Is Suboxone Addictive?

Is Suboxone addictive? Before you begin to take any prescription medication, it is important to be certain you understand both its benefits and potential drawbacks. For Suboxone, this includes knowing what is in the medication, what side effects it can cause, and if you can become addicted to it.

What Is Suboxone?

Suboxone is the brand name of a prescription medication that is often used to help people who have become addicted to heroin, painkillers, morphine, and other opioids. The main active ingredients in Suboxone are buprenorphine and naloxone:

  • Buprenorphine: This is an opioid receptor partial agonist. This means that it binds to receptors in the central nervous system without causing the intense disorienting high that heroin, oxycodone, morphine, and other opioids can cause. Taking buprenorphine allows a person to end their opioid abuse without the onset of cravings and other withdrawal symptoms.
  • Naloxone: This is a medication that can rapidly reverse opioid overdose. It can offset the slight disorientation that buprenorphine may cause, while also preventing a person from getting high if they choose to abuse other opioids.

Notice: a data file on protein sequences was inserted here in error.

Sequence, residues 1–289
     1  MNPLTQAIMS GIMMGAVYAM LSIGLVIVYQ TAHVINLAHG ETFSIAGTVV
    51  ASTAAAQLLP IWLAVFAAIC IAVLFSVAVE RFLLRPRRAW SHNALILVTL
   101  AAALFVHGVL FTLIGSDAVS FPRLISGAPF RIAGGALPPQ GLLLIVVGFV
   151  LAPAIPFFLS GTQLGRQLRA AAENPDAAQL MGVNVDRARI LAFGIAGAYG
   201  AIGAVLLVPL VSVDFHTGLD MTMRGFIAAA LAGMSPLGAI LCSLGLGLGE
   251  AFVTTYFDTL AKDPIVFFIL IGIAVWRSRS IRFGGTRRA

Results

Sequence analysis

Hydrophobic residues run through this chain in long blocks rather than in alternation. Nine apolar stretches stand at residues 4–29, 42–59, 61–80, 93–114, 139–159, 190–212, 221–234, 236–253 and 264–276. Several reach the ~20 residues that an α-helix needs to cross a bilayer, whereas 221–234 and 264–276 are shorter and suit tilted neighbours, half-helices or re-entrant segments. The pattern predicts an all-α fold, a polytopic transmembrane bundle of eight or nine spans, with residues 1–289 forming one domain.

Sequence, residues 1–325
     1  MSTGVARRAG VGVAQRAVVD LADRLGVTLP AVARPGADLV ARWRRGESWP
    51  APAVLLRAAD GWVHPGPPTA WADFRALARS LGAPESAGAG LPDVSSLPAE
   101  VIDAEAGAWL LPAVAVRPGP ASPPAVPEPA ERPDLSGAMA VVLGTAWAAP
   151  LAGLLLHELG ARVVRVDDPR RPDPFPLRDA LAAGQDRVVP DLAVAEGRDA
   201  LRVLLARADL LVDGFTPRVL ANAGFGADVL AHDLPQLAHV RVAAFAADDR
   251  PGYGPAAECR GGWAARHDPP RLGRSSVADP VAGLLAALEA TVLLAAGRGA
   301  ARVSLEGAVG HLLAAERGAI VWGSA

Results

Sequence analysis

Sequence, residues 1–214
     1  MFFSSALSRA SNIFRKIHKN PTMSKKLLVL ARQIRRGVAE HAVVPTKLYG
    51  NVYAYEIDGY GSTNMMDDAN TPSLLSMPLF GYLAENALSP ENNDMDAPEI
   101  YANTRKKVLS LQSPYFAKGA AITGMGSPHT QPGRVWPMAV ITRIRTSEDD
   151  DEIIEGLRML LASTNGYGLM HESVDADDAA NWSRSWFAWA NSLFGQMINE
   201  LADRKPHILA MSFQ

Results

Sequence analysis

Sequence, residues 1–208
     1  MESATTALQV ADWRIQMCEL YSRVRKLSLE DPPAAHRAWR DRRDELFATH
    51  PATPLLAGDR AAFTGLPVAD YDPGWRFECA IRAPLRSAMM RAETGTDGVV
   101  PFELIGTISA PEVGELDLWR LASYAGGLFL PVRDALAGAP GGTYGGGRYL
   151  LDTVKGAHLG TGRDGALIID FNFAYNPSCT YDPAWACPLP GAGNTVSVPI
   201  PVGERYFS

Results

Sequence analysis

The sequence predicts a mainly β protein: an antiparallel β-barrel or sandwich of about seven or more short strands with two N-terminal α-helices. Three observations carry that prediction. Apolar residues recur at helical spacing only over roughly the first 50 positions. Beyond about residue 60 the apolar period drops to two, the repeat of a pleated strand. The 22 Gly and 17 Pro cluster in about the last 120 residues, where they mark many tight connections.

Suboxone was approved by the U.S. Food and Drug Administration in 2002 for use in medication-assisted treatment (MAT) programs for opioid addiction. The drug may be administered as a pill, through a dissolvable film that is placed under the tongue, or by injection.

Is Suboxone Addictive?

Since Suboxone is used by people who are attempting to end their compulsive opioid abuse, it makes sense that they would want to know if they are at risk of replacing one form of chemical dependency with another. In other words, is Suboxone addictive?

Since buprenorphine can cause slight opioid-like effects, some people abuse this drug for recreational purposes. Misusing buprenorphine in this manner can cause a person to become addicted. The risk of buprenorphine addiction is much less than heroin, morphine, or other full opioids, but it can occur.